Saturated Vs Unsaturated Colors
A hue’s saturation, also known as its intensity or chroma, are also important. When mixing a hue with its complement or with grey, it will become less vibrant. Many colors with low saturation are considered neutral colors. This might include a darker, less saturated beige or grey, as well as pastel colors with low saturation, such as blue-grey or a faded pink.
Generally, less saturated colors tend to stand out less, and they tend to be more gentle to the eyes. Colors with more saturation will draw the eye and using too many bright colors can be overwhelming. Using saturation thoughtfully can help choose the right colors for your website.
Now that you have a basic understanding of color theory you can start experimenting with color tools that are available online! I’ve gathered together a list of some awesome tools to help you perfect your color scheme choices.
Online Color Scheme Generators
Coolors is a super easy and fast color scheme generator. The generator loads 5 harmonious colors to create a new color scheme. If you don’t like what it comes up with, then just hit the space bar and fly through endless color possibilities. If you’re totally rebranding or choosing colors for a brand new website or business, this is a great place to start.
Adobe Kuler has a few nice features. You can choose to browse through already created color schemes by sorting through themes or searching key words. You can also generate your own color scheme by using the color wheel. This is great if you have a color in mind and your looking for complementary colors or other color rules. You might start here if you have a logo color in mind, but you’re not sure what to pair it with.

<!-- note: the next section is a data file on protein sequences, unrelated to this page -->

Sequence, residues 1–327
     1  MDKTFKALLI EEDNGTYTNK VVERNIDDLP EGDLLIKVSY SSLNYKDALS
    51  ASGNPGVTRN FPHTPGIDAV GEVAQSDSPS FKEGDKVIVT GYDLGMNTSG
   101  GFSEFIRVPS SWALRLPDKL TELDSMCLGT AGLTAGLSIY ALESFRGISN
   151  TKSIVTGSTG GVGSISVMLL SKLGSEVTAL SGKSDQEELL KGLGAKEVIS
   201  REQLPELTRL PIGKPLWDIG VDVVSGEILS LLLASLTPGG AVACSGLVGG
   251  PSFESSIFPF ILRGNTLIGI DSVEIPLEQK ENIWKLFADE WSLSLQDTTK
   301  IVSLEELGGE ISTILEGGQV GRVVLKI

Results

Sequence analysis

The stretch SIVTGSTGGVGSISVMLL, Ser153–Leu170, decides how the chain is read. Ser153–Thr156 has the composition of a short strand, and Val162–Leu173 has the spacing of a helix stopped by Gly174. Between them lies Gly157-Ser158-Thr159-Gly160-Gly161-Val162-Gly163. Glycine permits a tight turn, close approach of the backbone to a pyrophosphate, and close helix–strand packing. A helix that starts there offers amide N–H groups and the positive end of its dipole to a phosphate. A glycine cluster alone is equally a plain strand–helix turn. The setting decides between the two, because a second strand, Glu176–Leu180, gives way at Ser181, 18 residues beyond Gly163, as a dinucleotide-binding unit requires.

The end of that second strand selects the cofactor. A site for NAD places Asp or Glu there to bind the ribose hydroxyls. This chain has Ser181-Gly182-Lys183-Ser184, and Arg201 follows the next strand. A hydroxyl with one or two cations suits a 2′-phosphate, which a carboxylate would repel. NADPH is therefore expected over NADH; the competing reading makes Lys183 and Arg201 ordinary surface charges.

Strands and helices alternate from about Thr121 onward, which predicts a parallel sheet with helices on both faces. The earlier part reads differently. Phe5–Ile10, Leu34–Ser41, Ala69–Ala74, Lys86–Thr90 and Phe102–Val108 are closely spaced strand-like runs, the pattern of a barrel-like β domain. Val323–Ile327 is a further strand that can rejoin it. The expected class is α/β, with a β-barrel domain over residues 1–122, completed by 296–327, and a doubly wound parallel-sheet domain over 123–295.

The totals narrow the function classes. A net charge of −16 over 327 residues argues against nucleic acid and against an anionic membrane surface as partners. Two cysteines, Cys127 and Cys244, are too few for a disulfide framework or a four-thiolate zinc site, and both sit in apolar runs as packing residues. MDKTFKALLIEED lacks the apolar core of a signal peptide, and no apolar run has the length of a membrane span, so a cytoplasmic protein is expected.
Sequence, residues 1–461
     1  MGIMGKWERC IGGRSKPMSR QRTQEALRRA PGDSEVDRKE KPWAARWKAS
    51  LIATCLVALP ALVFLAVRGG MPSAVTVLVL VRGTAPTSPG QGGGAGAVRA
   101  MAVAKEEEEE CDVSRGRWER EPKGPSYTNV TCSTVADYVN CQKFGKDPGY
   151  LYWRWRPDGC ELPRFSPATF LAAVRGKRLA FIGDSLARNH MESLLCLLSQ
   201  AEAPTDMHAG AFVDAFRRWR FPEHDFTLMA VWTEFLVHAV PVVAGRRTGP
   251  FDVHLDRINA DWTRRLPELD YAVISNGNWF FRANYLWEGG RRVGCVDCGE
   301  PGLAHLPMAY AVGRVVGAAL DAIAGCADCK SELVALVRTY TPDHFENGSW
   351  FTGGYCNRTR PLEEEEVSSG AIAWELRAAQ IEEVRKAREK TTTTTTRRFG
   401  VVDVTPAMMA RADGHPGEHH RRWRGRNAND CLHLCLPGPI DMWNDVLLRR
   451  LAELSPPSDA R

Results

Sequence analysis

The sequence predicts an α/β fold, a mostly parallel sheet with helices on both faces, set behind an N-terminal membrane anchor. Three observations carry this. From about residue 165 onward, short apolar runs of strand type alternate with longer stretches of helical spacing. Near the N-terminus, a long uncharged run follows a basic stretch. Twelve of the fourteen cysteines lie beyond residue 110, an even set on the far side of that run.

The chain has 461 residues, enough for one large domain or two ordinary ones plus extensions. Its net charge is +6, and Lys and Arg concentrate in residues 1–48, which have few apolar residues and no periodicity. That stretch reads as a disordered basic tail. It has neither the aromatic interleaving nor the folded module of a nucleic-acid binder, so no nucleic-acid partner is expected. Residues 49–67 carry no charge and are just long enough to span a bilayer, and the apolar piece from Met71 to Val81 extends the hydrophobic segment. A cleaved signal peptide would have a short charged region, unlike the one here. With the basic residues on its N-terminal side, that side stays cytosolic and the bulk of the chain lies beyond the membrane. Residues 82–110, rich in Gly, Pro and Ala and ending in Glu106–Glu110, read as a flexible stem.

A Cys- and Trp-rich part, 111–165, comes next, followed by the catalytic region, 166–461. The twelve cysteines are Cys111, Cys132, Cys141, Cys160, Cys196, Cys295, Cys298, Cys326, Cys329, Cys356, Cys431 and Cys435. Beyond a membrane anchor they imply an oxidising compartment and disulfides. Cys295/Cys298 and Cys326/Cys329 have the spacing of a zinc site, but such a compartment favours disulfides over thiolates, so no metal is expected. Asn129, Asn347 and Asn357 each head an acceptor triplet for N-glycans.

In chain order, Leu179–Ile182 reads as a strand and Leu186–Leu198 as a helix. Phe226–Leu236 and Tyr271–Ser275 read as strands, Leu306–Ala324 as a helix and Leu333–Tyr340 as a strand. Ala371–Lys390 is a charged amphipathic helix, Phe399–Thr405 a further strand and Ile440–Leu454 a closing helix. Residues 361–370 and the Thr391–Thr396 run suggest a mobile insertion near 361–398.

With Flat UI being one of the most popular trends, this website will ensure that you’re selecting the most popular Flat UI colors. Flat design is a minimalist design style that highlights simplicity and efficiency. You’ll have to be a bit more careful about what colors you pair together using this tool. Refer back to the color schemes mentioned above for some guidance if you’re feeling unsure.
Color Scheme Designer 3 is a great designer tool for creating color combinations that work well together. This tool works great for random color generation, but it’s even better for when you have that specific color in mind. This tool will help you come up with a harmonious color scheme to go along with any color! This tool is also helpful if you have a logo color in mind, but you don’t yet have a full color scheme for your website.
Pictaculous is a color generator that lets you extract a palette of colors from any image. This tool works great when you have a picture in mind, but don’t know what colors you should pair with it. You might choose a particular scene that inspires you, a photo that you yourself took, or a photo of your office or store to get a matching color scheme. Or, you can take a screenshot of another website you like, and see what color they are using. Remember that getting inspiration from another website is only a starting point; you’ll need to change some colors to get your own style.
How to Choose Colors for Your Website
With a basic understanding of color theory, color schemes and a list of color picker tools, you’re ready to pick your website colors. A few more tips can help you choose website colors that accurately represent your brand and connect with your audience.
Color and Brand
Color, along with fonts, imagery, style and other elements, all make up your brand. Your colors, just like all these other elements, can add to your brand if it’s consistent, or detract from it if it’s not. As you choose colors for your website, you might start with the color(s) you use in your logo, a particular picture or competitor’s logo you like, or a mood you want to create. To do this, it’s helpful to understand the associations we have with colors.
The Psychology of Color and Mood
If you already have a logo, or have one in mind, you already have at least one of your colors selected. A little over half of major brands use only one color in their logo. More than two thirds of major brand logos use either blue or black. Starting with your logo color, choose three to five additional colors using the tools previously mentioned. This will give you a cohesive color scheme.